|About the book|
"a must for any specialist and advanced practitioner's bookshelf." Journal of Interpersonal Care
This book focuses on what happens after a death has taken place. Drawing on social theory and anthropology, contributors examine responses to death as they occur within the unique set of cultural, social and historical circumstances which characterizes post-war society. The book does not just document and make sense of contemporary practices but also critically reviews the ways grief, mourning and death ritual have been approached by academics and practitioners in the field. It does this by combining substantial reviews with shorter illustrative examples of grief, mourning and death ritual as they are manifest in specific settings and with defined groups. These illustrative examples include personal and institutional responses to death at different points in the life cycle, and responses to different sorts of death - the death of children and death in disasters for example. The examples include commentaries on bereavement work and on changes in both the funeral industry and memorialization practices.
Grief, Mourning and Death Ritual is aimed at advanced students in sociology, anthropology and psychology with an interest in death, dying and mortality. It is also directly relevant to those concerned with loss and how to respond to it. The book is therefore suitable for use on courses in nursing, palliative care, social work and counselling.
|About the author|
Jenny Hockey is senior lecturer at Hull University. A social anthropologist, her publications include Death, Gender and Ethnicity (with D. Field and N. Small), 1997; Beyond the Body, Death and Social Identity (with E. Hallam and G. Howarth), 1999. She is a member of the editorial board of Mortality, the journal of death studies.
Jeanne Katz teaches at the Open University in the School of Health and Social Welfare. She chairs the Death and Dying course and has contributed to other courses including Health Promotion and Human Biology and Health. Her research focuses on caring for people of different ages dying in a variety of settings.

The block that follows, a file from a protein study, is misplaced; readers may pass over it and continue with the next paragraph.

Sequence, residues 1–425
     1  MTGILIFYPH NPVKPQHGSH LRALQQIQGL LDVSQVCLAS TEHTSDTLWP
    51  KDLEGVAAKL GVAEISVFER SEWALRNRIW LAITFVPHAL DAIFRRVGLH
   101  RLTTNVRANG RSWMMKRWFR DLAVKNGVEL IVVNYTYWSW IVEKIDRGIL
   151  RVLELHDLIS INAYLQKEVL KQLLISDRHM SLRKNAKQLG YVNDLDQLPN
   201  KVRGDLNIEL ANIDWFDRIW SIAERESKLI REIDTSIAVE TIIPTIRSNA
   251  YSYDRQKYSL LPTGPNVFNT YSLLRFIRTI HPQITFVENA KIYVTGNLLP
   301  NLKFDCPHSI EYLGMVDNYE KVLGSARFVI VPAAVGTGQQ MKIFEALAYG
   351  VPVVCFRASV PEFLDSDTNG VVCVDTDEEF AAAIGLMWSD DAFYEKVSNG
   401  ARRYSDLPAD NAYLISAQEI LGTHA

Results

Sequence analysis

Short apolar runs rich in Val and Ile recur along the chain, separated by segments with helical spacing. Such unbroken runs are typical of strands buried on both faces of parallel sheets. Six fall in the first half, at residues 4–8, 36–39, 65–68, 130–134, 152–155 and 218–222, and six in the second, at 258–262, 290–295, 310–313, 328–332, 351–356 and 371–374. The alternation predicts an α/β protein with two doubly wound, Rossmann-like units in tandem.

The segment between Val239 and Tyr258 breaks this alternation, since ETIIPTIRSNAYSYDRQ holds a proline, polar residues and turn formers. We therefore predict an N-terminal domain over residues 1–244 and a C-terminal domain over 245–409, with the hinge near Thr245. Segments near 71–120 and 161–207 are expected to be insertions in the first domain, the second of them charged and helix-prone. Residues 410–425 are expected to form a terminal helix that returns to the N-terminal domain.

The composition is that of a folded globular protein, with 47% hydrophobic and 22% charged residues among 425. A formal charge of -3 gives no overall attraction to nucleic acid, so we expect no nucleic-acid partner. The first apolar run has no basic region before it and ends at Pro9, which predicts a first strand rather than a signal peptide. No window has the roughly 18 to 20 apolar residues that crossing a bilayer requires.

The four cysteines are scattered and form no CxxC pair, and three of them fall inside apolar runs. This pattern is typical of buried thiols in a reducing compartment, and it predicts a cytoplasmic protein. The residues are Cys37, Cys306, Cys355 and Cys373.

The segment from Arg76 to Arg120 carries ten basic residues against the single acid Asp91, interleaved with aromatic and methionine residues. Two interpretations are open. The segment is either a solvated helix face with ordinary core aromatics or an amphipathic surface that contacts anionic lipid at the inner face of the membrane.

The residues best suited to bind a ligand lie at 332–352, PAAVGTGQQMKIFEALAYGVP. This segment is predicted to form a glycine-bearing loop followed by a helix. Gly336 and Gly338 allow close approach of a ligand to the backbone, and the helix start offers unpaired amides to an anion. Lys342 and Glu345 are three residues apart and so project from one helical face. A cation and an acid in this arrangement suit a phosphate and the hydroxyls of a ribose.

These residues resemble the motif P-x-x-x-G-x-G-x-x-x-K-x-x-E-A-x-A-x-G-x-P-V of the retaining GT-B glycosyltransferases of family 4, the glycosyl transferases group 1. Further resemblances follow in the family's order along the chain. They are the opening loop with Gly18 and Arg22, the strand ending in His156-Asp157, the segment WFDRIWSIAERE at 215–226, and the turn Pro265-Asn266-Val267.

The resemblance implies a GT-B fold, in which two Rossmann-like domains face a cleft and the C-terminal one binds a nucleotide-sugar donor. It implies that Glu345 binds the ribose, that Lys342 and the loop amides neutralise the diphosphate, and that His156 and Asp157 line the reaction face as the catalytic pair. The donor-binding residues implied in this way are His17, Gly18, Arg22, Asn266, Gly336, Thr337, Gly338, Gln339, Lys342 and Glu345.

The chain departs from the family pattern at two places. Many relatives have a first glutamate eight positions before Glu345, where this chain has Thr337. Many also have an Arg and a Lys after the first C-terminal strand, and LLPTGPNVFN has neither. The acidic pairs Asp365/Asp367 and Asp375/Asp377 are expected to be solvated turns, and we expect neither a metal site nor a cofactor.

Neil Small is Professor of Community and Primary Care at Bradford University. In this position his focus is on the relationship between policy innovation and practice development. This fits in well with longer term interests in theory and evidence in health and social care and with research into service user involvement.
|Table of contents|
Series editor's preface
Theories of grief
a critical review
Is grief an illness? Issues of theory in relation to cultural diversity and the grieving process
Four siblings' perspectives on parent death
a family focus
'Naturalizing' death among older adults in residential care
Just an old fashioned love song or a harlequin romance? Some experiences of widowhood
Discourse into practice
the production of bereavement care
The skills we need. Bereavement counselling and governmentality in England
'You have to get inside the person' or making grief private
image and metaphor in the therapeutic re-construction of bereavement
Supporting bereaved children at school
The child death helpline
A place for my child. The evolution of a candle service
Changing death rituals
Funeral ritual, past and present
Forget me not
memorialisation in cemeteries and crematoria
the evidence of continuing bonds
Hindu death and mourning rituals
the impact of geographical mobility
Grieving in public